Avoiding push message overload
Apparently people are starting to get a little tired of receiving push messages. As usual, excited marketers have jumped on the bandwagon and flogged the horse to death (stay with me), and what was once an exciting new way to reach people is at risk of becoming an annoying new way to bug people. Not that push messaging isn’t useful, but if your app is one of the hundreds pinging customers all day every day, chances are you’re going to get lost in the noise.
So what’s the cure for push overload?
Be less pushy
Your competitors are probably not going to suddenly realize they’re annoying people and stop sending push messages, leaving you free and clear to dominate. So while it’s (still) a good way to attract attention and spur someone to take action in the moment (if they’re near a store for instance), push messaging shouldn’t be the only trick up your sleeve.
Once they’re in store you can interact with customers in any number of ways. Showcase something relevant on a digital display when they come into range. If they’re in the app, display store- and profile-relevant offers and show them which aisle to head to. Send a beacon message when they get to a certain aisle, showing them they can redeem points or claim a discount on something they’ve shown interest in. Or you can get personal and alert a store associate to their presence — maybe even arm them with info on what the customer’s most interested in so they can facilitate the sale.
All of which is relevant and personalized, and none of which involves shouting for attention in a room full of shouty people.
Personalize push messages
Possibly the best way to make sure you’re not contributing to push overload — short of not doing it at all — is by doing it properly. If you’re blasting the same push message to everyone with your app regardless of what you know about them (because data), you’re doing it wrong.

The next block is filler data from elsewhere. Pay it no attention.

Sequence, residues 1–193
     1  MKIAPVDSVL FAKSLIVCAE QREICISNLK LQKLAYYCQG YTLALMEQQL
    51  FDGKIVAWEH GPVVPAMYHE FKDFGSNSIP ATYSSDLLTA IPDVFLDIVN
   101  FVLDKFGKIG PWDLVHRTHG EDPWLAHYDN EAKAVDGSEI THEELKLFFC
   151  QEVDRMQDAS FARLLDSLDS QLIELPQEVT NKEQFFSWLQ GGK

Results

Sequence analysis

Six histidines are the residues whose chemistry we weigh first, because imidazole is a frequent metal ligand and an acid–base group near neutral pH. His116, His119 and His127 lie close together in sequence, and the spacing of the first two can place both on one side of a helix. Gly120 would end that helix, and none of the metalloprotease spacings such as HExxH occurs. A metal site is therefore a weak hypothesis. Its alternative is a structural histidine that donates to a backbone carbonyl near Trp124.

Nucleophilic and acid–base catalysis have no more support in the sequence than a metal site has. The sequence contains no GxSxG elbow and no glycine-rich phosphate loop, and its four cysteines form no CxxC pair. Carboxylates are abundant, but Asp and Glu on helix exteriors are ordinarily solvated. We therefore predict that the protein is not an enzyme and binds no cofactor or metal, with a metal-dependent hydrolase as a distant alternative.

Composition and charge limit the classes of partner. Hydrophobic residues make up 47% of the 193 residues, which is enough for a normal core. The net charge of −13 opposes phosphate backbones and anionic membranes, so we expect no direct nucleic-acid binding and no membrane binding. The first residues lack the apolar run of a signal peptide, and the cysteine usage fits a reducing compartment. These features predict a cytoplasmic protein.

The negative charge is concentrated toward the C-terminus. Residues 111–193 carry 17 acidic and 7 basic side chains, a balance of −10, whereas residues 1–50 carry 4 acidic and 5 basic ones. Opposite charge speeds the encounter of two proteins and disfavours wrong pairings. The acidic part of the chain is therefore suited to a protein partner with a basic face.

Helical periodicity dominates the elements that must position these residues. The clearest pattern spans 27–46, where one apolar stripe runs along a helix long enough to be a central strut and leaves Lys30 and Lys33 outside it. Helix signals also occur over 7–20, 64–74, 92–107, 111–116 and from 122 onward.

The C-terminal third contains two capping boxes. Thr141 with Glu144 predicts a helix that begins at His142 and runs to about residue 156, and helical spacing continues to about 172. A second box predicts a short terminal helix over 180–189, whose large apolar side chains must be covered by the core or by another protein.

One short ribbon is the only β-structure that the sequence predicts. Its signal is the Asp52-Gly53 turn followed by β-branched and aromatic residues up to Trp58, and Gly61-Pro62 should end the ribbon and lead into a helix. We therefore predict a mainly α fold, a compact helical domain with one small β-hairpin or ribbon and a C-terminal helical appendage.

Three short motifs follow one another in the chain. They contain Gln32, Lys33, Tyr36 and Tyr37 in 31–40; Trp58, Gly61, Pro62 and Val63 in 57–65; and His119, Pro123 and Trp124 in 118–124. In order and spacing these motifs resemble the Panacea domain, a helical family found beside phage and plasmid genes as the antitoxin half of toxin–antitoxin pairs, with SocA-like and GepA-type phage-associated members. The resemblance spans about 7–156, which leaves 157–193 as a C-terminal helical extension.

Sure, if you know nothing about your customers you have to start somewhere, but any information will be useful for further personalization. Know where they are? Direct them to the nearest store. Know they’re a VIP? Send them a high value limited-time offer. Know they have loyalty points due to expire? Remind them to come in and redeem before they do. The key is to make every communication relevant and useful, because useful apps get used and useless apps get uninstalled.
Remember that push is only one part of your overall brand experience
We know you’ve embraced omnichannel, so customers receive the same experience with your brand regardless of what device they happen to be on, or whether they’re online or off. If you’ve integrated your mobile experience with your web presence, physical stores, social activity, emails, even your old-school offline marketing… if you’ve engaged customers and given them the level of experiential awesomeness they’d previously only dreamed about, then you’ve built up enough goodwill to have your push messages rise above the rabble. If your customers have no idea who you are or why they should tap on today’s latest interruption, then it’s not really your push messages that need your urgent attention, is it?
Originally published at www.plexure.com.